On Tuesday, during a public meeting with Democratic congressional leaders, President Trump threatened to shut down the government if he did not receive billions of dollars to construct his border wall.
On Thursday morning, he completely undercut his argument by asserting that Mexico was paying for the wall because of the money America saves from the USMCA, which is the name for the new version of NAFTA Trump hopes to implement.
I often stated, “One way or the other, Mexico is going to pay for the Wall.” This has never changed. Our new deal with Mexico (and Canada), the USMCA, is so much better than the old, very costly & anti-USA NAFTA deal, that just by the money we save, MEXICO IS PAYING FOR THE WALL!
— Donald J. Trump (@realDonaldTrump) December 13, 2018
Over the past two years, Trump’s major campaign promise — that he would build a wall on the southern border and get Mexico to pay for it — transformed first into Mexico reimbursing America for the wall, then into claims that the wall was already being built, and then into demands that Congress fund the wall construction or he would shut down the government.
Now Trump has cut out the reality of needing to actually fund the construction of the wall by claiming that the trade agreement would provide the money needed.
This ignores a few things:
- Trump’s USMCA (the United States-Mexico-Canada-Agreement) is NAFTA with a few tweaks — none of which will put the billions of dollars back into the U.S. Treasury from Mexico’s government to compensate taxpayers to pay for the construction of the wall.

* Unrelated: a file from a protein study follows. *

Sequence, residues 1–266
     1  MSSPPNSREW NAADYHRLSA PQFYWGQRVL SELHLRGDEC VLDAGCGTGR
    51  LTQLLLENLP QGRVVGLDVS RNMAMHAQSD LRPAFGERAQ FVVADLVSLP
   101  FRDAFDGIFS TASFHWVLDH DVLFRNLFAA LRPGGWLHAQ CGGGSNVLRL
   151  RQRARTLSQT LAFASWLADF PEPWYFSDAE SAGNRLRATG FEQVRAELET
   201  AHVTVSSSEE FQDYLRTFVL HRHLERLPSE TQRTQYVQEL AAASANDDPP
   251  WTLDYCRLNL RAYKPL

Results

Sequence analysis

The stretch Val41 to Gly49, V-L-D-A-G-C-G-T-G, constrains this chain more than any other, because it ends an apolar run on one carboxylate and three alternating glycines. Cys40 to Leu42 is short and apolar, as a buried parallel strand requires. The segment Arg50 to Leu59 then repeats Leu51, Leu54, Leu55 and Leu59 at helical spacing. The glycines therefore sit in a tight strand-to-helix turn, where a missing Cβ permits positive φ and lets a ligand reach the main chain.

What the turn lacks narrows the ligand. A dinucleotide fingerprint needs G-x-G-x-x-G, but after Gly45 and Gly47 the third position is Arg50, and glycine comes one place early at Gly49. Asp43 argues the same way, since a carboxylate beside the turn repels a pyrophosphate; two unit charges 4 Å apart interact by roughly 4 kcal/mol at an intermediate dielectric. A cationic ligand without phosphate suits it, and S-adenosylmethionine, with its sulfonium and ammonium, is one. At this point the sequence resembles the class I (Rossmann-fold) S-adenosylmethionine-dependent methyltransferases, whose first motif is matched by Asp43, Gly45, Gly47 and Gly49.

- The USMCA is not yet in force, and won’t be for quite a while. Even though Trump, Canadian Prime Minister Justin Trudeau, and Mexican President Enrique Peña Nieto signed the agreement last month, lawmakers in the U.S., Canada, and Mexico must vote to approve it (Mexico calls it MUSCA and Canada calls it CUSMA). The Democrats who will run the House are demanding changes to the agreement, and progress in Mexico and Canada is also slow.
- There’s no way for Trump to know even what the economic or budgetary impact of the agreement would be, because a report by the U.S. International Trade Commission assessing this won’t be released until next year.
- It’s not clear, if Trump is so sure he has the money for the wall, why he so publicly demanded Democrats in Congress vote to fund wall construction.
The federal government faces a partial shutdown next week over Trump’s demand for wall funding — which he just admitted is not necessary because Mexico is already footing the bill.